SPF is one of the most important skincare ingredients for every skin type. If left unchecked, ultraviolet (UV) rays from the sun can cause an array of skin problems, from accelerated signs of aging to skin cancer. However, many people do not know what SPF exactly means and what SPF number to use.
In this blog post I will explain the details of how much to use, broad-spectrum, chemical vs. physical sunscreens and much more.
ULTRAVIOLET A (UVA)
contributes to skin cancer risk and is recognised as the age-accelerating ray because it’s always present. It’s also known as the allergy ray and can stimulate allergic reactions within the skin.
ULTRAVIOLET B (UVB)
is a short wavelength that varies in strength throughout the year (peaking in the summer), and can also burn and age the skin.
Even on cloudy or overcast days you should be applying sunscreen daily to exposed areas, such as the face, as UV rays can still pass through cloud and reach the Earth’s surface causing damage to our skin. UVB levels are lower in winter, so the risk of sunburn, tanning and skin cancer is lower, while UVA rays – which contribute to skin ageing, dark spots and skin cancer – are relatively constant throughout the year.
Use SPF30 as your minimum, SPF50 is preferable. SPF50 also gives a higher level of protection against UVA rays, so think about your skin in terms of preventing ageing, not just cancers.
How Much Sunscreen Do You Need to Use?
Many people do not apply enough to reach the SPF number listed on the bottle. You must use at least ¼ teaspoon of SPF on your face and about a shot glass on your body in order to get the proper amount of SPF.
Re-apply! If you use a moisturiser containing SPF 15 (for example) at 8am in the morning, if you would normally burn in 15 minutes of sun exposure, technically you should be reapplying your SPF at 11.45am (someone wearing SPF 15 can be exposed to 15 times the amount of UVB light than someone wearing no SPF at all before redness will occur). Reapply sunscreen at least every hour after swimming or sweating profusely. Ensure you cover ears, sides of face, décolleté, back of neck (short hair or ponytail).
The EU has also reclassified sun protection ratings
Low = 6-14 Medium = 15-29 any type of ethnicity that tans easily and rarely burns High = 30-50 fair, Caucasian, ‘pale’ Very high = 50+ If you are a redhead. Redheads with freckles have phaeomelanin – opposed to the rest of us that have eumelanin. You’ll burn easily, quickly and the damage will be long-lasting.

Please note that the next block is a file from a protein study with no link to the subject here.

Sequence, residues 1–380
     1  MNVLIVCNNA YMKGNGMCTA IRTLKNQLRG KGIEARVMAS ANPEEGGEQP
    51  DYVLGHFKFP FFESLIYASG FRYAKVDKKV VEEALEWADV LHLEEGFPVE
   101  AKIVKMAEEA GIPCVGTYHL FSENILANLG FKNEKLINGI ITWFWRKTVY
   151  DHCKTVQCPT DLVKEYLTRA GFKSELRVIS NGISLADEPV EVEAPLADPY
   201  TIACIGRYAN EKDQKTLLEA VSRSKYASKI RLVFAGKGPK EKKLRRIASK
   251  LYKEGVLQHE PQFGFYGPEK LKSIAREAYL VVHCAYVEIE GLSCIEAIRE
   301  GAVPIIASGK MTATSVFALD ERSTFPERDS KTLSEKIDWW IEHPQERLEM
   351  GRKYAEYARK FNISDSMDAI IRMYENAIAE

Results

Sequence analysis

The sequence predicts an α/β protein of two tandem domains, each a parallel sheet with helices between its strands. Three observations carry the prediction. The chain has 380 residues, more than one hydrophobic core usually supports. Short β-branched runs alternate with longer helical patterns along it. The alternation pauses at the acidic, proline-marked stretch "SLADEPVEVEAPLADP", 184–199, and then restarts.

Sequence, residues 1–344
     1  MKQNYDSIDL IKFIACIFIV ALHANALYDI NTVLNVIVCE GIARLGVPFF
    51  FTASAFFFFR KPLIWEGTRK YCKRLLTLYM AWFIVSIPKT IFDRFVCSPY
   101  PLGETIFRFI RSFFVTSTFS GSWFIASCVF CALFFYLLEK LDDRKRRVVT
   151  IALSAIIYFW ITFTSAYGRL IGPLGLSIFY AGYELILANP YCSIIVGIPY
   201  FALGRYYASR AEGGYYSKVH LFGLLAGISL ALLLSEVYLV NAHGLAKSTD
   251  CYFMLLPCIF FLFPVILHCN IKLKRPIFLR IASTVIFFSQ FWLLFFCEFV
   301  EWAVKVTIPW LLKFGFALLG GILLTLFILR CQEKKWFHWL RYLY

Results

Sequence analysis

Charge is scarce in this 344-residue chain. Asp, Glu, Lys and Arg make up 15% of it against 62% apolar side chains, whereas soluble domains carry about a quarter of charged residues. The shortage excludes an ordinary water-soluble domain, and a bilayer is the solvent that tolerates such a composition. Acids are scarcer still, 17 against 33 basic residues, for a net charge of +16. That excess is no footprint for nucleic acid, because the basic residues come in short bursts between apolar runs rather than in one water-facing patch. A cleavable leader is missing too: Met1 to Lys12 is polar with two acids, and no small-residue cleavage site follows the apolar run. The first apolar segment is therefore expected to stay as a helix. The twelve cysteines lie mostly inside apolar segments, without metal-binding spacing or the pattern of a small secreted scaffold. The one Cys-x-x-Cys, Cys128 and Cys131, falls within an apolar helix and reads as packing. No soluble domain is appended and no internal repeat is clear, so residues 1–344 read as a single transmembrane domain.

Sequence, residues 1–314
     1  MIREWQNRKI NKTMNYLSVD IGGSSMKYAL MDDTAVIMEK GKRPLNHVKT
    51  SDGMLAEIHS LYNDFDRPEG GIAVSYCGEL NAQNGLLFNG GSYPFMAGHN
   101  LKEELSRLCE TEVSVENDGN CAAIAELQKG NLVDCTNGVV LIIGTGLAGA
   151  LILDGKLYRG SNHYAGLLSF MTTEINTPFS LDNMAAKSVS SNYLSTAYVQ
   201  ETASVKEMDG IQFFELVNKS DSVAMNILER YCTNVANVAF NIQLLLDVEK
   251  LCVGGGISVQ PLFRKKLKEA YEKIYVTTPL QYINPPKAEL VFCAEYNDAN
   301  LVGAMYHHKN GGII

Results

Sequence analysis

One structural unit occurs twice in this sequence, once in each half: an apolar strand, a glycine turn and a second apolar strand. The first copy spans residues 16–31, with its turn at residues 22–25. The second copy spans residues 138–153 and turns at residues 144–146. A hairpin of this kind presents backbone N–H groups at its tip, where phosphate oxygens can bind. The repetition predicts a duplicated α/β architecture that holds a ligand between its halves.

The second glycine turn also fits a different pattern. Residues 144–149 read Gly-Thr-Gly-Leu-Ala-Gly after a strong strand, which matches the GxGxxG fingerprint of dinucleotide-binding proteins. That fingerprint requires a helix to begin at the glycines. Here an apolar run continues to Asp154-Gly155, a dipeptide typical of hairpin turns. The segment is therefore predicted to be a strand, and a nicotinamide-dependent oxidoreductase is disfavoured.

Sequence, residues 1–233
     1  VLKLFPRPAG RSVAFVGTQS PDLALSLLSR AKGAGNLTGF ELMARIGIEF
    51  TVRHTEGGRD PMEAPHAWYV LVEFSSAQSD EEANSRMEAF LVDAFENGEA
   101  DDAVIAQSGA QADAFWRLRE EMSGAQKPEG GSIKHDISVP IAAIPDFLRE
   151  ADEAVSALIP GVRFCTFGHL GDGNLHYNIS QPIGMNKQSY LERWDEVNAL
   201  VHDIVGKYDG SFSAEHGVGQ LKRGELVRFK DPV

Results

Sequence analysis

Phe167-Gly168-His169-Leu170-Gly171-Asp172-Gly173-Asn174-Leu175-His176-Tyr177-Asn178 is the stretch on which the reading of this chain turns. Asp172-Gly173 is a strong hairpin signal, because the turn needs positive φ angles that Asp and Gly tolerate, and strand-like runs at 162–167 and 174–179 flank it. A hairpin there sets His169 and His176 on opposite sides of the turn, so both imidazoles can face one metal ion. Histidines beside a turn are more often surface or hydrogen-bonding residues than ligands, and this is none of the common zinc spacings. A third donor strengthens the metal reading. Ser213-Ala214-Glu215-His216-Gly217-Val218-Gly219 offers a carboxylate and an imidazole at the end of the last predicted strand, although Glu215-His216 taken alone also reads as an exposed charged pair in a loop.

If you use an SPF in the low-medium category you will tan.
If you don’t want any colour at all you need to use 30 and above and reapply frequently.
Use a separate SPF after your moisturiser
A moisturiser or tinted moisturiser containing SPF frequently only protects from UVB, it does not protect you from UVA. Also, SPF moisturisers are less likely to be rub-resistant. If you then apply your makeup with fingers or a brush or perspire – it’s gone.
If you’re wearing make-up, an SPF in a mist form is great because you can easily apply it on top without affecting your make-up. SPF formulas with a tint are perfect for people who like a more natural look.
Chemical vs. Physical (Mineral) Sunscreen
There are two main types of sunscreens: chemical and physical. Chemical sunscreens work by absorbing UV rays, then converting them to heat. This prevents the UV rays from penetrating the skin and causing cellular damage. Chemical sunscreen ingredients such as oxybenzone and octinoxate have recently come under fire for possibly causing damage to coral reefs and having unwanted hormonal effects on the user. Another ingredient commonly found in chemical sunscreens, avobenzone, can cause stinging and irritation.
Physical (Mineral) sunscreen works by creating a physical barrier between your skin and UV rays. These fine particles reflect the UV rays off your skin, preventing them from penetrating the skin and causing damage. Physical sunscreens do not come with chemical sunscreen risks, but they can be less spreadable and may leave a white film on the skin (although it disappears after 5 minutes) Zinc Oxide and Titanium Dioxide are the active ingredients used in most physical sunscreens.
What Does “Broad-Spectrum Sunscreen” Mean?
If you want proper protection from the sun you need to use a broad-spectrum sun protectant cream – a dedicated product that’s sole purpose is to protect your skin from the damage the sun does to it.
There is currently no standard of measurement in the United States that applies to UVA protection and the five star round UVA symbol is for example not required in Australia. This is why you want to look for sunscreens that say they offer “broad-spectrum protection” which includes both UVA and UVB protection.
UVB light is responsible for the superficial symptoms of a sunburn that you see, such as redness and peeling.
UVA light, on the other hand, can penetrate deeper into the skin, causing accelerated aging, dark spots and skin cancers. This is why it is crucial that your sunscreen offers both UVA and UVB protection. If you make sure to get good protection and also have sensitive skin, buy SPF aimed at children from dermatologist brands. They are nearly always fragrance-free and high in SPF.
Always buy fresh every year. SPF in the bottle degrades in the sun and heat, don’t carry it over to your next break